MADRID (Reuters) - A Spanish court has suspended a Catalan law that outlined a legal framework for an independent state, a court source said on Tuesday, the day after hundreds of thousands rallied in Barcelona to support secession from Madrid.
Prime Minister Mariano Rajoy’s government is increasing the pressure to prevent an independence referendum, scheduled for Oct. 1, from going ahead. It has declared the vote illegal and challenged laws linked to the ballot in the courts.
The Constitutional Court, Spain’s highest authority on such matters, suspended the law while judges consider whether it is against the country’s constitution. It suspended a law approving the Oct. 1 vote last week.
The Catalan parliament approved both laws on Wednesday in a move which brought a long-running tussle between the pro-independence regional government and the Madrid-based central government to a head.
Rising tension between Madrid and Barcelona has prompted some investors to ditch Spanish sovereign debt.
Catalan leader Carles Puigdemont, who faces criminal charges for his role in organising the referendum, only has the power to call an election not a referendum, a government spokesman said on Tuesday.
“If Puigdemont wants to consult the people, it’s very simple, he should call an election,” government spokesman and Minister of Education, Culture and Sport Inigo Mendez de Vigo told Antena 3 television.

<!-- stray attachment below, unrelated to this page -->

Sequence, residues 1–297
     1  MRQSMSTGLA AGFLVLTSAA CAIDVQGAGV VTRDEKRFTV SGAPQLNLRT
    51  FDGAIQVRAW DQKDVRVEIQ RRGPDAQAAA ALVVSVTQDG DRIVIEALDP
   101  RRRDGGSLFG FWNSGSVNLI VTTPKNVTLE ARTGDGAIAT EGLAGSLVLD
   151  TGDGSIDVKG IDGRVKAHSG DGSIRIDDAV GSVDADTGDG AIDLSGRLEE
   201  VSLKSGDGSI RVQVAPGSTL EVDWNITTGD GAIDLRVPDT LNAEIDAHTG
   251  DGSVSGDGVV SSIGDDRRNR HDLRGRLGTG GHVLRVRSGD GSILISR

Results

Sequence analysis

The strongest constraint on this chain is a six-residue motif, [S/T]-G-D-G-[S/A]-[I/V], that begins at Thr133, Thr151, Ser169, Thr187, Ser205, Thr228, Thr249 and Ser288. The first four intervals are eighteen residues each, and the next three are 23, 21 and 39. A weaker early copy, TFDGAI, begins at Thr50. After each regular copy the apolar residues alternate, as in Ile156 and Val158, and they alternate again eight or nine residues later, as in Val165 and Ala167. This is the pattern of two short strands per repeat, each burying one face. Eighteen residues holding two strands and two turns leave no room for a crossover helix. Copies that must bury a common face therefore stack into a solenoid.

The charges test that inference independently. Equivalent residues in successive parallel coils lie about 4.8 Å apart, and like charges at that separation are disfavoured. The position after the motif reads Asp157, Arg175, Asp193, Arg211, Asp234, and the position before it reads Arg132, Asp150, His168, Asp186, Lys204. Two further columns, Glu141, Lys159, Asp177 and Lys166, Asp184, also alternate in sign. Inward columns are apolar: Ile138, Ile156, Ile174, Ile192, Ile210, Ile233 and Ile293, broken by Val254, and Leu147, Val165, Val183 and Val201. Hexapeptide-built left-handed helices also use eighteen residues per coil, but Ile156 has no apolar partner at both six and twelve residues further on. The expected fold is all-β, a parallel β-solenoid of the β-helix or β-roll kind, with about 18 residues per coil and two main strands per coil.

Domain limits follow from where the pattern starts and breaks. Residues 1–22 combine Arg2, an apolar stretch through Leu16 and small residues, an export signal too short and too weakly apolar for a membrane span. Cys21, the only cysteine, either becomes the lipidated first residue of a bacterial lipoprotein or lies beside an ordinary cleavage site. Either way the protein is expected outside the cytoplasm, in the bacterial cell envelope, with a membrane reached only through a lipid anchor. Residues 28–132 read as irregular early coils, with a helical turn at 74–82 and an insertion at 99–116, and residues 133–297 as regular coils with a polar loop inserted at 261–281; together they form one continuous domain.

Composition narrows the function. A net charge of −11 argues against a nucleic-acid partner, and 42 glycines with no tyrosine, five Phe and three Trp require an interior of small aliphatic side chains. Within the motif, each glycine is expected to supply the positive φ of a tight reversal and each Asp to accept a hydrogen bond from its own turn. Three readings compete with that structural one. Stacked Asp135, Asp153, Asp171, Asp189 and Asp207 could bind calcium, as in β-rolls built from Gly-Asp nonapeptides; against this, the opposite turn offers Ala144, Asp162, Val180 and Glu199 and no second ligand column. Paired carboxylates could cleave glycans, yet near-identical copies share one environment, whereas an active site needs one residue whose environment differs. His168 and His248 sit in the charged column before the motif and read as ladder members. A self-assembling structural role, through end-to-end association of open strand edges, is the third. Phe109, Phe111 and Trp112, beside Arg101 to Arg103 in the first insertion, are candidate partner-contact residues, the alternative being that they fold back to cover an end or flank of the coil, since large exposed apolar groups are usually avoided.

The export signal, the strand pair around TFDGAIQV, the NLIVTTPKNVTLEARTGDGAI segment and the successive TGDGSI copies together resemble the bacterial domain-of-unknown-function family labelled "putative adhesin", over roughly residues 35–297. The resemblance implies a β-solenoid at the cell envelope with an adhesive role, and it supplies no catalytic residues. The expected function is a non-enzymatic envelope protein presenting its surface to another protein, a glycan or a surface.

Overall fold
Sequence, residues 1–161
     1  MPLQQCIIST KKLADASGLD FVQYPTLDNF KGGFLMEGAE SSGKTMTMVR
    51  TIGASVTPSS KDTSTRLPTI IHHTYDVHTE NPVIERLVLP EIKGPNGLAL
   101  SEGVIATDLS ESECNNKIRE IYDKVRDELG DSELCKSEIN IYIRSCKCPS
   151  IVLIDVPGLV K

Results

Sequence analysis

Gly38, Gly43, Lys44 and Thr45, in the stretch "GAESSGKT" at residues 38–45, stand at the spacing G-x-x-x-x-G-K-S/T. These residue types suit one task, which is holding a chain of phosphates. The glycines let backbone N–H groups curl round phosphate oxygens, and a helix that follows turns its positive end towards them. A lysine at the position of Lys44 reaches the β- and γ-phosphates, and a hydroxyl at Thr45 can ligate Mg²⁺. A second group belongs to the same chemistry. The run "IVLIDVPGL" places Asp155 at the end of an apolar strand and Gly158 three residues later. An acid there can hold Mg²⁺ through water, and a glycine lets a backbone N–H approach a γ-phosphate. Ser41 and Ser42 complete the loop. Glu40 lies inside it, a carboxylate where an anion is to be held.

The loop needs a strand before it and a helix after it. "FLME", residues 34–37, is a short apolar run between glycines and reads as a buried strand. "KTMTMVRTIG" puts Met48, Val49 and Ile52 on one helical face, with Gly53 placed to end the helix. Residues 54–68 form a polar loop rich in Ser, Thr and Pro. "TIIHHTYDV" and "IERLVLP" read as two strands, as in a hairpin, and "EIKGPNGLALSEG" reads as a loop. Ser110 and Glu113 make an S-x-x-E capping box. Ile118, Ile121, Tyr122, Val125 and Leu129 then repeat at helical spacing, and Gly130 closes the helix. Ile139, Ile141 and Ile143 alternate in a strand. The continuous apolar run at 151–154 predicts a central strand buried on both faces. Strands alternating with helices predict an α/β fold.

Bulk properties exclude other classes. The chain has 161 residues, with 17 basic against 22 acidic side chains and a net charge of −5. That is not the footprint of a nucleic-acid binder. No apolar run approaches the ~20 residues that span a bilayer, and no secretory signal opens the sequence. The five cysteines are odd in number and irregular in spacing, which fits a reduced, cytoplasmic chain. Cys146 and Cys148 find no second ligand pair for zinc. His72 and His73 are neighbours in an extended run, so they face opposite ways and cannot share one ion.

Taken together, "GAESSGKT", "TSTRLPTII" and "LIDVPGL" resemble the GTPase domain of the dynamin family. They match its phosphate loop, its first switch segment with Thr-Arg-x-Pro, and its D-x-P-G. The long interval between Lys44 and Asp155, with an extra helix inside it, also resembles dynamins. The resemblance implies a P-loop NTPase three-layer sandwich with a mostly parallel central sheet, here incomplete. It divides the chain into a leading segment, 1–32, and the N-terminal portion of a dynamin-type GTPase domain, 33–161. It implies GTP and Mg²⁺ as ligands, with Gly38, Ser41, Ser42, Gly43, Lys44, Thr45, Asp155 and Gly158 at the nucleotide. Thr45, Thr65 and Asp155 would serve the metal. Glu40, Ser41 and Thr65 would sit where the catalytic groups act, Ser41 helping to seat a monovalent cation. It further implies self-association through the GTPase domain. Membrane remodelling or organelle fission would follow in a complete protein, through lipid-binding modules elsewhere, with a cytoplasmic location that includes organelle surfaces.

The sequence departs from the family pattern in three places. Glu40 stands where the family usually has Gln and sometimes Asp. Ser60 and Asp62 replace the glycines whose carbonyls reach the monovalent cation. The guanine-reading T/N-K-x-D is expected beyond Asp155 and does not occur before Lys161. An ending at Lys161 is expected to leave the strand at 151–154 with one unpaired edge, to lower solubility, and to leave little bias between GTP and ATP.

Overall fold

Polls have shown support for independence waning in recent years with those wanting a separate state in a minority. However, a majority of Catalans want to vote on the issue.
Most of Catalonia’s 948 mayors have pledged to permit use of public spaces for the vote, but Ada Colau, head of the region’s biggest city Barcelona, has asked for assurances that civil servants involved will not risk losing their jobs.
Justice Minister Rafael Catala on Tuesday warned the regional administration against coercing municipal leaders to take part.
“I trust they will be left in peace and not be obliged to do what they cannot,” Catala told RTVE television.
Writing by Isla Binnie; editing by Sonya Dowsett